A new climate
Even Steve Bannon says women are angry and ready to vote for change, and it’s hard to argue he’s wrong. In a new edition of Joshua Green’s book Devil’s Bargain, released last week, the bombastic Bannon says women are evolving into a political force that will “undo ten thousand years of recorded history.” Elaborating on his views in an interview on Bloomberg, he said he believes that women’s anger is “going to unfold like the Tea Party, only bigger. It’s not Me Too. It’s not just sexual harassment. It’s an anti-patriarchy movement.”
Right again, Mr. Bannon.
Every week seems to bring more high-profile cases of domestic violence, sexual harassment and behavior that goes far beyond the boorish “boys will be boys” attitude that our society has quietly condoned for decades. Powerful men who have bullied and intimidated and, in some cases, sexually assaulted women in pursuit of their demented need to prove their power are now experiencing mighty consequences, from public humiliation to a sudden loss of employment, status and wealth.
It’s deeply satisfying to watch these powerful men be confronted with their past actions, even though their stock response is to deny and project blame onto the women involved. But few seem to be buying their obfuscation and lies anymore. It’s unbelievably refreshing.
But it’s frustrating but not surprising that our very own liar-in-chief, President Trump, is still in denial about men behaving badly, especially because he has not been held accountable for his own actions despite plenty of evidence of wrong-doing.
After Rob Porter—a Harvard-educated lawyer working in a high-level White House staff job despite his inability to pass the required FBI background check due to credible accusations of domestic abuse by not one, but two ex-wives—was forced out of his job by the scandal, President Trump defended him because Porter said he didn’t do it. Trump told reporters, “It’s obviously a tough time for him. He did a very good job when he was in the White House, and hopefully he will have a great career ahead of him. He says he’s innocent, and I think you have to remember that.” Trump’s Chief-of-Staff, John Kelly, initially called Porter a “man of integrity and honor” but after photos of the physical abuse surfaced, he suddenly declared he was “shocked.”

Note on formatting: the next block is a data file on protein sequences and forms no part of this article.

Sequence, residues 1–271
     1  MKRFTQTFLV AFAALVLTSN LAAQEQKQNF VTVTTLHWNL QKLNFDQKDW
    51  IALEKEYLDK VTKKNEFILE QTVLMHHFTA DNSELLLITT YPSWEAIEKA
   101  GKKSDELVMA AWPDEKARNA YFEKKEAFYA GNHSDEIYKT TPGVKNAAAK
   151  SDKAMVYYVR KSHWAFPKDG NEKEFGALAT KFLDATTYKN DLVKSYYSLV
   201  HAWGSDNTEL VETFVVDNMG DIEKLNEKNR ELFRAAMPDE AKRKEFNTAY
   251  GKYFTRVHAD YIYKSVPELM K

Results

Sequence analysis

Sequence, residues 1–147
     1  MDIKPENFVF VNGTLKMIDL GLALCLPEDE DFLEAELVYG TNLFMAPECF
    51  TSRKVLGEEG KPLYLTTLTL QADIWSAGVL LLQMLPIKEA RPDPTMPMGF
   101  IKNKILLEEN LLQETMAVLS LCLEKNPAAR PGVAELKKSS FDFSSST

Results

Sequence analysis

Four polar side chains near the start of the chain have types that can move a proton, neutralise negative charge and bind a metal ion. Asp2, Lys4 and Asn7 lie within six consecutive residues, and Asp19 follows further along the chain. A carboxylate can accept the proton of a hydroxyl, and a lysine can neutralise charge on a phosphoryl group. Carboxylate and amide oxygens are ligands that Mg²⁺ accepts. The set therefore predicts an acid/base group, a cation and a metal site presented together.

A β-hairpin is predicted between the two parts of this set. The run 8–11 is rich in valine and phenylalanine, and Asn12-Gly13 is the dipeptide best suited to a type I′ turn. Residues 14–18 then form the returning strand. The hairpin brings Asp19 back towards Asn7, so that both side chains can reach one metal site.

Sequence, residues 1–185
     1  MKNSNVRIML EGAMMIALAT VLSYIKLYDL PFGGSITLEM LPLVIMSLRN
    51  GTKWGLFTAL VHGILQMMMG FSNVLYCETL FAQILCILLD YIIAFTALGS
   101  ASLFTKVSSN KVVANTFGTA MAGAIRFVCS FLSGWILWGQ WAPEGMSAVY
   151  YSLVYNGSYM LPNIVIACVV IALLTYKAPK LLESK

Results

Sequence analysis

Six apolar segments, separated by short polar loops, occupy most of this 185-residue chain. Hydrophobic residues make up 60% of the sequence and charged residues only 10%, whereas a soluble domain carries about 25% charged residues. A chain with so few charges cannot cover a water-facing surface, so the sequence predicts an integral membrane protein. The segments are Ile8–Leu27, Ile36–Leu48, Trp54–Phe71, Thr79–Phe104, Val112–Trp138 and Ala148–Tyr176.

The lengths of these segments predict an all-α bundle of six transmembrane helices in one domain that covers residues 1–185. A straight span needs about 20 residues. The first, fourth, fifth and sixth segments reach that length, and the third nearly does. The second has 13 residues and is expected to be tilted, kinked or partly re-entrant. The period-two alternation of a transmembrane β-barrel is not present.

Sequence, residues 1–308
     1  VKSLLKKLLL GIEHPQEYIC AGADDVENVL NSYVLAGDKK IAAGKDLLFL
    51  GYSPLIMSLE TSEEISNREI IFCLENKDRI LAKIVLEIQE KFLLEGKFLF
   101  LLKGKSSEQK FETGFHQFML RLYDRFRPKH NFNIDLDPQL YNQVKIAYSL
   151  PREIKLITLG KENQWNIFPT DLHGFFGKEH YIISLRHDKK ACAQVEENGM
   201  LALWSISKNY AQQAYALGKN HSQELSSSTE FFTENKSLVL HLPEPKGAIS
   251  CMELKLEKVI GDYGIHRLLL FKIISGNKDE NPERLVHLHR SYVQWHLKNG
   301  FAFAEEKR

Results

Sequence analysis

After another White House employee, David Sorensen, also resigned when domestic abuse allegations by his wife were revealed, which of course he denied, Trump tweeted, “Peoples lives are being shattered and destroyed by a mere allegation. … There is no recovery for someone falsely accused—life and career are gone. Is there no such thing any longer as Due Process?”
The irony of his statement is completely lost on the president, who has made quiet payments to aggrieved women to cover up his transgressions. Trump’s denial of responsibility runs so deep in his pathology, he has suggested the famous tape of his obscene and vulgar commentary in the mini-bus with Billy Bush wasn’t really him, even though his image and corresponding voice were easily validated by the most casual viewer. And, indeed, we all saw and heard the appalling tape, over and over and over.
We know that domestic violence is rooted in power and control, and in this political climate, women have had more than enough. Even the grandiose Bannon understands that the tipping point has been reached, commenting “Time’s up on 10,000 years of recorded history. This is coming. This is real.”
Trump and the GOP will know it’s real when women vote their indignation and outrage in November, elevating record numbers of women to elected office. Trump will never admit his own misogyny, but women can still punish him for it.